Kundan (Dhanush), the son of a Hindu priest in the north Indian holy city of Varanasi, is infatuated with Zoya (Kapoor), the outgoing daughter of a neighboring Muslim professor. Because Zoya and Kundan’s families are friends, Kundan’s chasing after Zoya in broad daylight falls just below the radar of prying eyes interested in making sure that Kundan and Zoya already have predetermined stations in life. Ever swimming against a tide, Kundan is devastated when Zoya returns from 9-year schooling stint and appears to have forgotten Kundan. Instead, the headstrong Zoya finds herself drawn to Akram (Deol), a student leader she meets in college.
The templed-skyline of Varanasi surely makes the most striking visuals on the planet. The ancient river-front “ghats” are serenely beautiful. The city is tradition-minded and yet surprisingly secular in outlook—the city boasts hundreds of temples and, as Himanshu Sharma’s screenplay would have us believe, enough room for two would-be lovers from different religions. The nagging force of Kundan’s pre-determined family vocation, however, sharply jolts him into a reality he is challenged in overcoming. In chasing after Zoya, even after she joins Akram’s student-political party, Kundan takes on immense risks.
A.R. Rahman re-enrolls in the folky school he did so well in with Delhi 6. Here, Rahman remains region-specific by both employing a sitar (Shreya Ghosal’s “Banarasiya”) and capturing the mood of a North Indian street-ditty in Jaswinder Singh and Shiral Uppal’s title track. The high point may well be Javed Ali-Kirti-Sagathia-Pooja AV’s “Tum Tak,” a pronouncement of one-sided love. Dhanush appears carefree in front of the camera.Regardless of how one reads his Kundan role—as either a scrawny bumpkin out of his league or love struck fool about to strike out again—he is unlike contemporary Hindi film male leads. And to his credit, that is not necessarily a bad thing. Kapoor demonstrates conviction in her chosen path while Deol, after Aisha, again plays the interloper with a trick up his sleeve.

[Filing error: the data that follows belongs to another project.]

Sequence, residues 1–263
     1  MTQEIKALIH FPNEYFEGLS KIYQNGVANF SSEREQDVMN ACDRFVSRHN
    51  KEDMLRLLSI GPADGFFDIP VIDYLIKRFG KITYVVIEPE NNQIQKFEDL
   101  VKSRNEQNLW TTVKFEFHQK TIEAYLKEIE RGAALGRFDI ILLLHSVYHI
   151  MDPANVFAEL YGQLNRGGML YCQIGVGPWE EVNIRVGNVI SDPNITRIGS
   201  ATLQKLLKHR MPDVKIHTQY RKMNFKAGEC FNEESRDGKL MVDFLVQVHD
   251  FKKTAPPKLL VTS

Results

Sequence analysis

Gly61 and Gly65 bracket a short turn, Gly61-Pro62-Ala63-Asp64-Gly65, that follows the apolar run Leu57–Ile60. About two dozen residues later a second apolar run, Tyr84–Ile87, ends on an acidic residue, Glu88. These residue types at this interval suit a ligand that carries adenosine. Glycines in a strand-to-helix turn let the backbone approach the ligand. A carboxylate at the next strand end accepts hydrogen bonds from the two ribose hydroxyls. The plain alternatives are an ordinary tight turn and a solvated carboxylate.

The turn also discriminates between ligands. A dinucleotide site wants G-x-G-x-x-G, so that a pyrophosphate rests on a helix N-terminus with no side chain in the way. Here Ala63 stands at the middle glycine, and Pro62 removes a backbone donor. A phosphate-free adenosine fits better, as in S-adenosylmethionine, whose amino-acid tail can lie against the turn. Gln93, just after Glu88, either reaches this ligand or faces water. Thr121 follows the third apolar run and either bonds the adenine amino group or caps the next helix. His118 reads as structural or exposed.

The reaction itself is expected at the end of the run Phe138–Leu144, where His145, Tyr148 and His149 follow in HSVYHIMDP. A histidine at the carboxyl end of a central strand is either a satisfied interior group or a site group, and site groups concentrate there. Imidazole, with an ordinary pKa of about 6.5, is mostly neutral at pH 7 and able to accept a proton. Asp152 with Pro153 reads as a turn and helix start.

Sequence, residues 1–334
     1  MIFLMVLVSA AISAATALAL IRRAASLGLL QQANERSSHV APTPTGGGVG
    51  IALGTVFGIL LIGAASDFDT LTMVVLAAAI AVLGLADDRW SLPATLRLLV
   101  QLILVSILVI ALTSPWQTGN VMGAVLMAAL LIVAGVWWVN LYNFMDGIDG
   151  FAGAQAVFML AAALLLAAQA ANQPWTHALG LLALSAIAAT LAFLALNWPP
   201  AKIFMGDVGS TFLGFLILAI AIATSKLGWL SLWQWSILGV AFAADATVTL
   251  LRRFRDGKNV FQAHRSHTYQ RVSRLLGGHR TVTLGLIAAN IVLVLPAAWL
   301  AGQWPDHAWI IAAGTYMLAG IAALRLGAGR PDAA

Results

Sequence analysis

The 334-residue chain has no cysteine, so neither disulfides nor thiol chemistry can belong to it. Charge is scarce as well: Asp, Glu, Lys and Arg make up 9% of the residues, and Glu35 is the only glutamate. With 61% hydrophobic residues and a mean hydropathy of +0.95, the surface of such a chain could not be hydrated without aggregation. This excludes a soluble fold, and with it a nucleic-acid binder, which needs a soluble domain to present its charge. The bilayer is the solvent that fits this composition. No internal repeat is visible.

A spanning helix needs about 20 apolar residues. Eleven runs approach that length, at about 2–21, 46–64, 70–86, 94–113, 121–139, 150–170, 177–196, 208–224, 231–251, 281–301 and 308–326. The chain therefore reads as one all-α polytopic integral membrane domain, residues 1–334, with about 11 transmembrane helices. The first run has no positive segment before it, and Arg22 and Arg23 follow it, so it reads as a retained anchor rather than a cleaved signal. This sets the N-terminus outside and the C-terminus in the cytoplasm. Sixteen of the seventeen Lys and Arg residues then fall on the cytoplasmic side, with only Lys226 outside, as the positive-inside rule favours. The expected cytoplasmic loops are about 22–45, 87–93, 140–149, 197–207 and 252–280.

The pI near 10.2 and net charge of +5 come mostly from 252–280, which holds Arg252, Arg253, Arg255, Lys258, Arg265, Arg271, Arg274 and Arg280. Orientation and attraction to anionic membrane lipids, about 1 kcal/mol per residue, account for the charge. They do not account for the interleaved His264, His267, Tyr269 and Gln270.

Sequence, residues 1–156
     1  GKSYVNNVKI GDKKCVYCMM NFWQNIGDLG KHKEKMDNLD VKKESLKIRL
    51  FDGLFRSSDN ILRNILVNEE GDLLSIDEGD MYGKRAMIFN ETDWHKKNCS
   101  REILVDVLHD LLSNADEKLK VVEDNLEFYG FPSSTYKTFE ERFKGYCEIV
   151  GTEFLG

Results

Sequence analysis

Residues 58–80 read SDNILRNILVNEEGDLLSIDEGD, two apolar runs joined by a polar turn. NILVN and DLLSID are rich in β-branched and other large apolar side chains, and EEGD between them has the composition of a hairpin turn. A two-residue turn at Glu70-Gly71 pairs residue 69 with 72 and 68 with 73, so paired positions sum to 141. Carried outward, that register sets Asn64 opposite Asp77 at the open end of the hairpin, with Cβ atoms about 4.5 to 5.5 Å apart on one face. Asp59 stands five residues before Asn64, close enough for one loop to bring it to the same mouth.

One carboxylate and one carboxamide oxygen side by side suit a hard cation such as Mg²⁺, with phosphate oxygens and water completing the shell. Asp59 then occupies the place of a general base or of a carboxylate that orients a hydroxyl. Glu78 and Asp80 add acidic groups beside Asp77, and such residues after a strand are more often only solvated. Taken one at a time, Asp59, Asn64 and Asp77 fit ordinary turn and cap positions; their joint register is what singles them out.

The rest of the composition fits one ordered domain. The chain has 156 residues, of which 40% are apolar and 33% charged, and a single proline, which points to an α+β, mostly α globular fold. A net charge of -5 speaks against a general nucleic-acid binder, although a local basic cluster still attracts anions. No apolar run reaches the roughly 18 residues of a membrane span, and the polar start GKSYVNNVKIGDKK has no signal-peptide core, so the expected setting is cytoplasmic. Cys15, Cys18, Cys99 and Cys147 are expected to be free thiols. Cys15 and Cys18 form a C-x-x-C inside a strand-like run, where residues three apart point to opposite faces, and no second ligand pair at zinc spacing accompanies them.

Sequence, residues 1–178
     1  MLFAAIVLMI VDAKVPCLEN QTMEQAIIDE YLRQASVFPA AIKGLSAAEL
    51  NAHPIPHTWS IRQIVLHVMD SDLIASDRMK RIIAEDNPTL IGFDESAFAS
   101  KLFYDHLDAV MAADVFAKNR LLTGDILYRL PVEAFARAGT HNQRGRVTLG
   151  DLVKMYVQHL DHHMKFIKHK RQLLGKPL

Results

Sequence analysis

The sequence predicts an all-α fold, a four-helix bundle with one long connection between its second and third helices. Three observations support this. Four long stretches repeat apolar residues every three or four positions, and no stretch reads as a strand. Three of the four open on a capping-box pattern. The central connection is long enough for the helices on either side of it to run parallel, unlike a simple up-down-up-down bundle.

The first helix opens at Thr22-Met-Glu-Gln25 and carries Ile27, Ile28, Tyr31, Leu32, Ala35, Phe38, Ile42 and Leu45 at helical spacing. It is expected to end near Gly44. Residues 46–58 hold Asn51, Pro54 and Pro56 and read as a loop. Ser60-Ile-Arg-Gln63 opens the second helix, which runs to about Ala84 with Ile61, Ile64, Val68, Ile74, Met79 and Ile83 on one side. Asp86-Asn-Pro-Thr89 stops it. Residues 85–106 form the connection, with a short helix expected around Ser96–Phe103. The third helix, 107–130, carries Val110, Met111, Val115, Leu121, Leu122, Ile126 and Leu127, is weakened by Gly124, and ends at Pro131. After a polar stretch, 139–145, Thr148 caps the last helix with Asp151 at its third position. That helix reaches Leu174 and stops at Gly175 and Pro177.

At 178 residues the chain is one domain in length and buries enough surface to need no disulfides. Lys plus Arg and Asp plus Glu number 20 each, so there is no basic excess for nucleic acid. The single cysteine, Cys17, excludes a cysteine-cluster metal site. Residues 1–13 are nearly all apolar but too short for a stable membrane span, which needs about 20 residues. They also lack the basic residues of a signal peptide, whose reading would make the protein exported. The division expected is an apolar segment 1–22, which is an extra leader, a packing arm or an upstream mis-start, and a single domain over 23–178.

Regional Indian movies—be they Tamil, Telugu, Gujarati or Bhojpuri—rely on a body lingo that is constantly in motion. Expect lots of highly energized (and at times unabashedly bawdy) torso and pelvic dance gyrations, slapstick, pedestrian antics and rooftop-temple-top-balcony climbing. On the other hand, the biggest Hindi movies—no doubt keeping in mind increasing international exposure—are ever so slowly evolving to, dare we say it, a sedentary body language of the lead actors. This is not in any way dissing the “periphery” film centers of India. On the contrary, with their carefree ethnic identities intact and possibly hundreds of millions of rural Indian fans, it raises the distinction mark for regional Indian movies as perhaps the last bastion of India as she used to be when Indians primarily made movies for … other Indians, and nobody else!
Something unique to movies from southern India is the degree to which regional South Indian politics figure into plot-lines subtly and at times not so subtly. The overriding political theme is populism, which is then colored in the stripes of regional and sometimes national political parties. For “Hi-Fi” (that is Hindi Films for the uninitiated), though, this is where Raanjhaana gets into trouble. Since Raanjhaana has to be “presented” as a vehicle for Dhanush, who is primarily a South Indian star. Yet director Rai and Sharma cannot resist the pull of drawing in populist political theater as Kundan and Zoya race towards their scripted fate.
Globe trekker, aesthete, photographer, ski bum, film buff, and commentator, Aniruddh Chawda writes from Milwaukee.